The true definition of a power trio, The Wood Brothers excel at improv and pulling at the heartstrings. Both are executed flawlessly on Heart is the Hero, the band’s eighth studio album, out April 14.
An acoustic record that electrifies, the project explores everything from slowing down in your day-to-day life (‘Pilgrim’) to practicing empathy (‘Worst Pain of All’), extending grace to others (‘Line Those Pockets’) , the power of women (‘Mean Man World’), finding love (‘Someone For Everyone’) and more. It’s arguably the band’s most raw and lyrically honest collection of tunes yet as they re-emerge with their minds set on reclaiming the power of the people to affect positive change everywhere from their local neighborhoods to across the world.
“There’s an old saying — think globally, but act locally,” says Wood. “That’s often framed politically, but you can also think of it in terms of those you can reach and do something for that can lead to a positive epidemic of kindness. We’re lucky as musicians to be able to reach more people than we could by going person to person and shaking hands, so it feels good to put something positive out there.”
Speaking to Holler during a break in the band’s spring tour, Oliver Wood spoke about the themes interwoven throughout Heart is the Hero, how they avoid redundant recording and how meditation has helped to make him more grounded at home and in music.
Was the songwriting for this album more of an individual or collaborative effort?
It’s always been a very collaborative process for us, but there are different ways that the songs come together. A lot of our ideas also come from improvisations backstage, at rehearsals or during a soundcheck. It’s often those uninhibited and relaxed musical conversations that our best grooves, riffs and other ideas come from.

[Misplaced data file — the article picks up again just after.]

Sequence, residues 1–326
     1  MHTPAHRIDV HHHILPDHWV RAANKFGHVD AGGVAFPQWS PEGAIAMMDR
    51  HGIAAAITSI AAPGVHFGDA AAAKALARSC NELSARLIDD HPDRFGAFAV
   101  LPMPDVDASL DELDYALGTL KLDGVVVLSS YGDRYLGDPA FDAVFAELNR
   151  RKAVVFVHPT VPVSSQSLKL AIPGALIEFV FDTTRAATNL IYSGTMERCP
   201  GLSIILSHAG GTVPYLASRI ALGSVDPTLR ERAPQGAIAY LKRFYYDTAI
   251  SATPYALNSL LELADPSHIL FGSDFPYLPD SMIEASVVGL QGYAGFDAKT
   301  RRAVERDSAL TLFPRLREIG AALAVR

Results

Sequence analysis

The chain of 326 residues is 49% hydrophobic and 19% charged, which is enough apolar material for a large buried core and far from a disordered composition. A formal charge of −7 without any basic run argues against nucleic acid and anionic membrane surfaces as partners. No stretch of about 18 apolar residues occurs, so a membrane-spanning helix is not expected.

Other times Jano will go into the studio to record a mix of drums and keys, which he’s able to play at the same time, that Chris or I will write lyrics to go with, which is what happened with ‘Line Those Pockets’. I had been working on the lyrics for it for some time and had imagined it as a cheesy, tongue-in-cheek folk song until I heard something Jano had composed and decided to put them together.
Some of our coolest stuff has come when we take each other’s ideas and make them work together, even if they were initially conceived separately. One of our biggest strengths has always been coming up with music, it’s really easy for us. Finding the lyrics to marry with them has always been our biggest challenge.
How did the process of recording this album on 16-track tape further enhance the collaborative nature in the studio?
Even though digital has gotten very close to mimicking analog sound, we chose to record on tape because of how different the process is. In modern recording studios there’s almost always a computer on that you’re dumping files and other material in, even if you are recording analog. We wanted to get those screens out of our faces to limit distractions so we could focus on the music being made.
The other part was the limitations. With digital you can record and fix things as many times as you want, in doing so sucking the soul out of everything. You almost have too many choices, which leads to thinking that you’re making something better when you’re really making it worse. For that reason we reveled in the simplicity and limitations of only having 16 channels to record. Everything was destructive, so when we did something, we had to do it right. At the same time no one take was ever going to be perfect, and that’s the beauty of it.
When you can’t fall back on the technology as much you’re forced to be more in the moment, which is where the best music comes from. It leads to a lot of happy accidents because you begin to lean into your instincts more, trusting your ability to perform and letting it happen.
Is there anything else you try to do as a band to keep the recording experience fresh and exciting with over a dozen albums and counting to your credit?